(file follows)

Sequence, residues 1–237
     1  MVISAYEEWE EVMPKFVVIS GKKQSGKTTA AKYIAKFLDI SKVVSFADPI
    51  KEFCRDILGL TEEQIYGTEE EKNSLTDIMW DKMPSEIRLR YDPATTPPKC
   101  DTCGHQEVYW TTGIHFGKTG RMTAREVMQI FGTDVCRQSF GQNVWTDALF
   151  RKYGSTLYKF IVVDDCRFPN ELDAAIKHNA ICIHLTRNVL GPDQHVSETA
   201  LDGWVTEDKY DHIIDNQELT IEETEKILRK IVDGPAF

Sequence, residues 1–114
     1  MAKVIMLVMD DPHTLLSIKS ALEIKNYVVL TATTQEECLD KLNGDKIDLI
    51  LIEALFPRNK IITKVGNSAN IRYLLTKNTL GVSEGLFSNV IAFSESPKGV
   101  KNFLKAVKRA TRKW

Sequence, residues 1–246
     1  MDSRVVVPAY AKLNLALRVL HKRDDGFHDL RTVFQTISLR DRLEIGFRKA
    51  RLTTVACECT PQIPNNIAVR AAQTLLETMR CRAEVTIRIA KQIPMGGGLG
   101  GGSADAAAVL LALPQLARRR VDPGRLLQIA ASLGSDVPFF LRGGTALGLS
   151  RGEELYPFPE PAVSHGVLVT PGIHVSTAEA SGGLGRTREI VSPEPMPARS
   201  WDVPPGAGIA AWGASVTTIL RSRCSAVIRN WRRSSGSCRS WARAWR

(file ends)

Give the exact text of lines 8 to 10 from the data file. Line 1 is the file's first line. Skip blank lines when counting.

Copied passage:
     1  MAKVIMLVMD DPHTLLSIKS ALEIKNYVVL TATTQEECLD KLNGDKIDLI
    51  LIEALFPRNK IITKVGNSAN IRYLLTKNTL GVSEGLFSNV IAFSESPKGV
   101  KNFLKAVKRA TRKW